Also on the CD, you’ll find the entire book in searchable and printable PDF. Study anywhere, anytime, and approach the exam with confidence.

About the Author
David Groth, A+, Network+, Security+, MCSE, CNI, is a full-time author and consultant. He is the author of the Sybex's best-selling Network+ Study Guide as well as i-Net+ Study Guide and Cabling: The Complete Guide to Network Wiring.

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Product Details

  • ISBN-13: 9780782142440
  • Publisher: Wiley, John & Sons, Incorporated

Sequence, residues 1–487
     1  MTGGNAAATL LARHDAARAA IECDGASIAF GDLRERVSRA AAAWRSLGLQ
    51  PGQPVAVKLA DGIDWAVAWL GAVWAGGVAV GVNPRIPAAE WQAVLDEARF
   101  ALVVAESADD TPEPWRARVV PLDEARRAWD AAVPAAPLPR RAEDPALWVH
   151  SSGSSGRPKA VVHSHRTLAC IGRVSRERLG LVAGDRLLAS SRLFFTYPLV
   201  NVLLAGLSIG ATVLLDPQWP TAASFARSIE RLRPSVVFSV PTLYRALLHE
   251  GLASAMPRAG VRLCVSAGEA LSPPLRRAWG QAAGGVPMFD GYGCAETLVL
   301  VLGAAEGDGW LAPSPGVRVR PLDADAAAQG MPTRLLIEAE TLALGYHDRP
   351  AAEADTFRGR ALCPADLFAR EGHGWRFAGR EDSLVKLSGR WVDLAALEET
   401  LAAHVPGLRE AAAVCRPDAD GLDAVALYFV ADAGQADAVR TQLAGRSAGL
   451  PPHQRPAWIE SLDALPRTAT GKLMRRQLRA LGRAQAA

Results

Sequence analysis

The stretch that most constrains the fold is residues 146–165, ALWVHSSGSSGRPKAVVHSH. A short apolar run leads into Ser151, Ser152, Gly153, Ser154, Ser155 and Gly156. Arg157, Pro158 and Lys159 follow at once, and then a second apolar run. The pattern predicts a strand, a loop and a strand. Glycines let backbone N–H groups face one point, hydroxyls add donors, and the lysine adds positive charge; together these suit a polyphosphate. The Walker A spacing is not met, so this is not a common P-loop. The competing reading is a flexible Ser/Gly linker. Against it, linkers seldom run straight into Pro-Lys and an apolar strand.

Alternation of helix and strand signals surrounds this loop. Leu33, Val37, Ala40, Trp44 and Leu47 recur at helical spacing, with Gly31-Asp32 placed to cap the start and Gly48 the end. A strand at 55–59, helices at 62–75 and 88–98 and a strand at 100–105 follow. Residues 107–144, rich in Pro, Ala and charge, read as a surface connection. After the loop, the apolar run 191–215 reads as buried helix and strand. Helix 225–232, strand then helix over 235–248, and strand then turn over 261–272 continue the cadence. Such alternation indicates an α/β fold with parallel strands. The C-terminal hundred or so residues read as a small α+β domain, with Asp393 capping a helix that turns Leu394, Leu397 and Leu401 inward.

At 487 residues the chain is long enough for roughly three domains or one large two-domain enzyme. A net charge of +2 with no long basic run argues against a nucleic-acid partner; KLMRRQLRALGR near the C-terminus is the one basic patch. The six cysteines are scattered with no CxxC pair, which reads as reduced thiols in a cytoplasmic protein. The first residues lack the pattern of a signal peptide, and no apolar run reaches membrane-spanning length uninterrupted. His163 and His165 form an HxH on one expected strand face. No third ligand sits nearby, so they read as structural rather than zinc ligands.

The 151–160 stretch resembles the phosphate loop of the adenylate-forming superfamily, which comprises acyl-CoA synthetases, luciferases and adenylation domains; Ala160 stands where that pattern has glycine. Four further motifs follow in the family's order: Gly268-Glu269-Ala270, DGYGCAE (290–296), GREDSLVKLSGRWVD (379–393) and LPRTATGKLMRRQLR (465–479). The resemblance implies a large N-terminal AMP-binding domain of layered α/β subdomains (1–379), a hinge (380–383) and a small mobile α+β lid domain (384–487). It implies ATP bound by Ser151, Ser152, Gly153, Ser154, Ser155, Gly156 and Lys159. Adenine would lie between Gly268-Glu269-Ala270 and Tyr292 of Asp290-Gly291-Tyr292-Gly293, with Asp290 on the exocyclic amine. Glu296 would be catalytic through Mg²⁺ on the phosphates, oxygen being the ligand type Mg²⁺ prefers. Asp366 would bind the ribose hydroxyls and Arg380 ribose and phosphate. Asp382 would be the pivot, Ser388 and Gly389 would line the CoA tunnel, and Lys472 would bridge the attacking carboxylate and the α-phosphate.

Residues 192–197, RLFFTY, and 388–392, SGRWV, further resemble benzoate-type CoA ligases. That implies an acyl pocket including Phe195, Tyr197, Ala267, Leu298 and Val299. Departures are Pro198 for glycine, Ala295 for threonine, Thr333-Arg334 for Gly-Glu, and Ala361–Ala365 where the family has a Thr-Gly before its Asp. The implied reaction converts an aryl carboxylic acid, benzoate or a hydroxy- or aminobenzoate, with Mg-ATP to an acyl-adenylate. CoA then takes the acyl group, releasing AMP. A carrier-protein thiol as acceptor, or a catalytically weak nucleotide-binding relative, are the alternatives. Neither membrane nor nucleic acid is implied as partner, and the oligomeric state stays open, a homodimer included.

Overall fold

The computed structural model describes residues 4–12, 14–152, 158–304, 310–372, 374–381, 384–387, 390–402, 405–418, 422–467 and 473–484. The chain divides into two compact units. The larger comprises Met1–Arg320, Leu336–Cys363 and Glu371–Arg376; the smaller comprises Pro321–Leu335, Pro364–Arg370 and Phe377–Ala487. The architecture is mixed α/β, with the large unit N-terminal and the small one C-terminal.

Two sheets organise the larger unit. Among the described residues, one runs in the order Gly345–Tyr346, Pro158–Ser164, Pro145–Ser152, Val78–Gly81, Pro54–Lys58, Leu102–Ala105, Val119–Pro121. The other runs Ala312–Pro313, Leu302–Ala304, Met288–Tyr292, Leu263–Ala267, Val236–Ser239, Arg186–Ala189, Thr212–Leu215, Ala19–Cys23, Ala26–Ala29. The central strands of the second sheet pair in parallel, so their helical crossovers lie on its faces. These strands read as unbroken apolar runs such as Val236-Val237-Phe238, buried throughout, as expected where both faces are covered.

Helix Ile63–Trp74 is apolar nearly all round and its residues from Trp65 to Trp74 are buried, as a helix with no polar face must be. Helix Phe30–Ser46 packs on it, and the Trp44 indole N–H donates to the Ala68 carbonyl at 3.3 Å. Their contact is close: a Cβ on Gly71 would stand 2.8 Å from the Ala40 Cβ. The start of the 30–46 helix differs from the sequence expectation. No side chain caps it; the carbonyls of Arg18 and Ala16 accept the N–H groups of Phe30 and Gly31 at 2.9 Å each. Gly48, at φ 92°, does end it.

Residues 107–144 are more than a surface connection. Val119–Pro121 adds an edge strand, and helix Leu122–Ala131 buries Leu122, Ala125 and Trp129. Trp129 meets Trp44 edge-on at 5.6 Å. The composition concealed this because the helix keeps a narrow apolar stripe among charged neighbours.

• Publication date: 9/2/2003
  • Series: Certification Series
  • Edition description: Deluxe, 2nd Edition
  • Edition number: 2
  • Pages: 1008
  • Product dimensions: 7.64 (w) x 9.36 (h) x 2.46 (d)

Meet the Author

David Groth is President and Chief Geek of Practical Training Solutions, a global franchise system of training centers, and the author of Network+ Study Guide, i-Net+ Study Guide, and other certification titles from Sybex. He holds many technical certifications, including Network+, A+, MCP, and CNI.

Dan Newland is an independent consultant and trainer. He holds MCSE, MCT, CNA, Server+, and A+ certifications and has worked on a number of titles for Sybex, most recently MCSE 2000 Jumpstart: Computer and Network Basics.

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Read an Excerpt

Chapter 15: Application Installation and Configuration